The regional agency that supplies drinking water to Santa Margarita Water District announced this week it will slightly reduce the amount of fluoride in its water effective June 1.
Under a 1995 California law, water systems with 10,000 service connections must fluoridate their supplies if funding is available; Metropolitan Water District of Southern California (MWD), which supplies water to SMWD and 19 million people in Southern California, began adding fluoride in 2003.
MWD had adjusted the natural fluoride level in its water, which ranges from 0.1 to 0.4 parts
per million, to 0.8 parts per million in line with recommendations from the California Department of Public Health, as well as the U.S. Centers for Disease Control and Prevention.
On April 27, the U.S. Department of Health and Human Services (HHS) released the final Public Health Service recommendation for the optimal fluoride level in drinking water for a single level of 0.7 mg/L of fluoride, which replaces the previous temperature-dependent range of 0.7 to 1.2 mg/L.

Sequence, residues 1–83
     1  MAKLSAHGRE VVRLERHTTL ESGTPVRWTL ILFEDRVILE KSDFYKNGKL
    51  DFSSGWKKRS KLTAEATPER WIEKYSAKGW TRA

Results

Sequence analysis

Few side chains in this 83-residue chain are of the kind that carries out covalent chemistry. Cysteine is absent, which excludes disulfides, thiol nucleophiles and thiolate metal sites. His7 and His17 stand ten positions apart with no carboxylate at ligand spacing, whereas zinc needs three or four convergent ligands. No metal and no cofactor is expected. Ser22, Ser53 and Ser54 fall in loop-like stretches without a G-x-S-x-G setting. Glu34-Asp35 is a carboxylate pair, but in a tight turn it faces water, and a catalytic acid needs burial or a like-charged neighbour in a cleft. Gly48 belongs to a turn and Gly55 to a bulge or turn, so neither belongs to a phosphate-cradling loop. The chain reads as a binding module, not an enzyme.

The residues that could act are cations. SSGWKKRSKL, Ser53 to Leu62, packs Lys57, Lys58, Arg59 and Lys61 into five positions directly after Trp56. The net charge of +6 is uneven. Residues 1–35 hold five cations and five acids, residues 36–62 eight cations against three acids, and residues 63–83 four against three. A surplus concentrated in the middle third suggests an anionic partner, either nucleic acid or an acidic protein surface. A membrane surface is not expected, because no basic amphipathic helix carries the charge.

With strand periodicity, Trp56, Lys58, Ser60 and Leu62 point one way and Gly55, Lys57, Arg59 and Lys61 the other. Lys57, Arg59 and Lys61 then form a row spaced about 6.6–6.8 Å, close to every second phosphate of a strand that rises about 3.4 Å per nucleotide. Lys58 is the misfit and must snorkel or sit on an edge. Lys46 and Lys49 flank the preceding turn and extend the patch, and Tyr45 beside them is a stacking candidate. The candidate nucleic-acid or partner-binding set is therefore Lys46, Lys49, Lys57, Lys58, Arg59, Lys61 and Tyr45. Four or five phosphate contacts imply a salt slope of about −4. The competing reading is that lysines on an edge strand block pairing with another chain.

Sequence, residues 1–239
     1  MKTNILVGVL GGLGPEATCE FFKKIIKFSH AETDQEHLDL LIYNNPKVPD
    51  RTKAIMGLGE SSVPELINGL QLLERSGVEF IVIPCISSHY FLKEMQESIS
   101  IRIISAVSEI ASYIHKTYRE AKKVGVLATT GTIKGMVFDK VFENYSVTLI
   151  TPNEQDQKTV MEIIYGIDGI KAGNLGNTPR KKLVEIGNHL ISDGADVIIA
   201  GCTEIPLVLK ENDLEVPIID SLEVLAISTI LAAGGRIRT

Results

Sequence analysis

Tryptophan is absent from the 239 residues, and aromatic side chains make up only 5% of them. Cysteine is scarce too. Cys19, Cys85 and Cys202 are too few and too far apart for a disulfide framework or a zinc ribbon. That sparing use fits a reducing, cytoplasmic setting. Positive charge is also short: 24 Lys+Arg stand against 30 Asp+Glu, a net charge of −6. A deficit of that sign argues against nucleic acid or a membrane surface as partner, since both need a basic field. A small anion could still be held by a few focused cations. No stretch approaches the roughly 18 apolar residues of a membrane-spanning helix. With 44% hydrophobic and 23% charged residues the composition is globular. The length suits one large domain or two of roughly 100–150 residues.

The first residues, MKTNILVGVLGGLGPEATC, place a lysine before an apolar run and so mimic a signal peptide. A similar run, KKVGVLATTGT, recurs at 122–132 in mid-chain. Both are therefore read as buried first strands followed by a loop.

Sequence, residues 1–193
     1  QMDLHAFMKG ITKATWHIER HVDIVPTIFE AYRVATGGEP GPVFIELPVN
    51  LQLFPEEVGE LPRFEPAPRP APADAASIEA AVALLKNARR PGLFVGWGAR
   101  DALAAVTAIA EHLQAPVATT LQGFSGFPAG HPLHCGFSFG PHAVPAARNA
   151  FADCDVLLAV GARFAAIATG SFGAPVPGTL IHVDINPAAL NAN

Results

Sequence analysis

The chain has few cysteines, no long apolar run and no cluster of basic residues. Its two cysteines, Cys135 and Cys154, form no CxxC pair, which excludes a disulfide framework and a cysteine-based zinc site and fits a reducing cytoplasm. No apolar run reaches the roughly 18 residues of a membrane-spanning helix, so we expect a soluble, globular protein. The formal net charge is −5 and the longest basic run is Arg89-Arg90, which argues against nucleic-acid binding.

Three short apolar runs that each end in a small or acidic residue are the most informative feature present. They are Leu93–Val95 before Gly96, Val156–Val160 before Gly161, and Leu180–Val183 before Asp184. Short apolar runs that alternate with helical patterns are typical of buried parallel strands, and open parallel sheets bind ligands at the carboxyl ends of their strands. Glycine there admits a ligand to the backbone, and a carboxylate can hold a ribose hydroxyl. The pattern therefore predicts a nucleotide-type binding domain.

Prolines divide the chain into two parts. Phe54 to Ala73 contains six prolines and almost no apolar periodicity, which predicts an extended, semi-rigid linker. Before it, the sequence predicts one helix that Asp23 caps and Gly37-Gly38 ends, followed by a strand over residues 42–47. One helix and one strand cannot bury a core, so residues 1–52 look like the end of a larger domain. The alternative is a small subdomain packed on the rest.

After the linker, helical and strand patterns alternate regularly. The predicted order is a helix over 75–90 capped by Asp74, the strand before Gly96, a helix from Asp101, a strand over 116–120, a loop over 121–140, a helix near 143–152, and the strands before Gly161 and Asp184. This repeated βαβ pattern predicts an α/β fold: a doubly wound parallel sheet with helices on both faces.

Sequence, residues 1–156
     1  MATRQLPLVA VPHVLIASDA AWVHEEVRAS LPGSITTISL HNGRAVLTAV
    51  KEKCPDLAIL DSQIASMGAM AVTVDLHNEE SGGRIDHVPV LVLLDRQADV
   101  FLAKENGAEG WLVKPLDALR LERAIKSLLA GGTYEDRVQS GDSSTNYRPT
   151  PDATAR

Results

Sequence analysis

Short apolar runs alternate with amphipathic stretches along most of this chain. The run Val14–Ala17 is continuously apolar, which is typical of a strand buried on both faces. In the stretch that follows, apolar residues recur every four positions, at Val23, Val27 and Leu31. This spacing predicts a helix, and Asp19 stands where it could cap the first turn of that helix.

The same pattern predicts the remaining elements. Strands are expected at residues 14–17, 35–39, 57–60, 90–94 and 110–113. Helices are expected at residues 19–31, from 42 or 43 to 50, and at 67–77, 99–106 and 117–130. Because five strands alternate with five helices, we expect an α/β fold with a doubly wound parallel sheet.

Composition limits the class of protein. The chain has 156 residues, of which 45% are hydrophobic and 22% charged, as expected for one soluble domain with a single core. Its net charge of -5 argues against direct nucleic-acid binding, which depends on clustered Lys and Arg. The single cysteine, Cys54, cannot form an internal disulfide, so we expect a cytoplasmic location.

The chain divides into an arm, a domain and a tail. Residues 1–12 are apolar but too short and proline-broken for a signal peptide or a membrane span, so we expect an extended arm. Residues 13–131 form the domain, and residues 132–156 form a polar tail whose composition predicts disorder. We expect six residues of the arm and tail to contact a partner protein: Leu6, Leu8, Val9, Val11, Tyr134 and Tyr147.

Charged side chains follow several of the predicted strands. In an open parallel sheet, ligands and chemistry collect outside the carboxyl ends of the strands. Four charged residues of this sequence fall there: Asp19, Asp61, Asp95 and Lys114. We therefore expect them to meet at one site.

Per the state’s Division of Drinking Water (DDW) recommendations, starting June 1, MWD will reduce the current fluoride target of 0.8 parts per million to the new optimal fluoride target of 0.7 parts per million, with a new control range of 0.6 to 1.2 parts per million, leaving Metropolitan’s treatment plants.
Based on SMWD’s distance from MWD treatment plants, the new fluoride level will reach South Orange County a few days after the change. SMWD’s water-quality testing has shown fluoride levels between 0.7 and 1.0 parts per million.